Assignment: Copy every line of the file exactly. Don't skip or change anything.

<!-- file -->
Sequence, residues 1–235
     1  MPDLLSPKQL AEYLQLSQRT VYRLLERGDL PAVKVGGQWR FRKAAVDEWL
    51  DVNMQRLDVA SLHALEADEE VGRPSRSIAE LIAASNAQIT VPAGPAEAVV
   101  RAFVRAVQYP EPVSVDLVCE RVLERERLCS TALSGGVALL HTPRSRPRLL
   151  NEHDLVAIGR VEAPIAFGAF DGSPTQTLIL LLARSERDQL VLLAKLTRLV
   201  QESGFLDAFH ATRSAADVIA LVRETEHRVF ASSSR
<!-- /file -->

Sequence, residues 1–235
     1  MPDLLSPKQL AEYLQLSQRT VYRLLERGDL PAVKVGGQWR FRKAAVDEWL
    51  DVNMQRLDVA SLHALEADEE VGRPSRSIAE LIAASNAQIT VPAGPAEAVV
   101  RAFVRAVQYP EPVSVDLVCE RVLERERLCS TALSGGVALL HTPRSRPRLL
   151  NEHDLVAIGR VEAPIAFGAF DGSPTQTLIL LLARSERDQL VLLAKLTRLV
   201  QESGFLDAFH ATRSAADVIA LVRETEHRVF ASSSR